“This story is more than just the typical partisan desire to protect its own appointees, this is the recognition that Malley’s violations may put under scrutiny the entire process of negotiations with Iran – the keystone of the Biden foreign policy, and could potentially implicate other officials, particularly if they knowingly covered for Malley’s violations during the period they are refusing to acknowledge, and by extension endangered national security concerns,” said Tsukerman.
The details of Malley’s suspension remains murky, just as the extent of the damage he may have done during his job as an envoy to Iran.
“Unlike previous administrations where Iran policy was distributed among various national security officials including the National Security Adviser, the Special Envoy on Iran, and the Secretary of State, Malley seems to have accumulated unprecedented powers for his office and appears to have kept even leading foreign policy figures such as NSA Jake Sullivan in the dark about some of his dealings,” said Tsukerman.
Given the Iranian regime’s track record of the past 40 years, it is highly unlikely that it will abide by any signed deals with Saudi Arabia once the circumstances are more adequate to resume its expansionist policies in the Middle East. But this reconciliation resulting from Biden’s lack of support for the U.S.’s closest allies is a much-needed respite for the Iranian regime to use to regain its strength after years of sanctions and domestic riots.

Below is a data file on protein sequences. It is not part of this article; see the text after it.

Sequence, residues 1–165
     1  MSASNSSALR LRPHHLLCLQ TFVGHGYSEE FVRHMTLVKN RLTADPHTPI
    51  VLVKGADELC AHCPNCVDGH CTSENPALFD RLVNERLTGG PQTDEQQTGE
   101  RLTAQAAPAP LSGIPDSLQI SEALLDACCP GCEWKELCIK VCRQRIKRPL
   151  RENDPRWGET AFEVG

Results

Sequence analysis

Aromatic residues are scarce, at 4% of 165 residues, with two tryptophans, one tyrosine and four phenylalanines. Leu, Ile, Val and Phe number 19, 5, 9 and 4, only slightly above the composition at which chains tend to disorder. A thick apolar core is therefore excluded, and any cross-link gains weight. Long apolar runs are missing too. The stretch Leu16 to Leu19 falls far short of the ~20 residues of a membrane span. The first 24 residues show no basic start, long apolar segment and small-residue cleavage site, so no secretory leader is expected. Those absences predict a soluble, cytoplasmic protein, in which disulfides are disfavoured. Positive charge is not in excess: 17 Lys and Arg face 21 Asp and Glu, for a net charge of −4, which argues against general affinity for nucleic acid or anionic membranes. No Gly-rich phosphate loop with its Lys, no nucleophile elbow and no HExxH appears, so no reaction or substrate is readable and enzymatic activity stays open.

“Appeasing Tehran is an unmitigated disaster from the point of view of U.S. interests,” said Pipes, describing the recent policies toward Iran. “The more Iran is legitimized politically, the more it can restore itself by expanding its network and use its relations to crackdown on dissent and prop up its bureaucratic institutions, and the less incentive there is for middle of the road non-activist Iranians to get involved in dangerous activity against the regime,” said Tsukerman.
IPT Senior Fellow Hany Ghoraba is an Egyptian writer, political and counter-terrorism analyst at Al Ahram Weekly and a regular contributor the BBC. He is also the author of Egypt’s Arab Spring: The Long and Winding Road to Democracy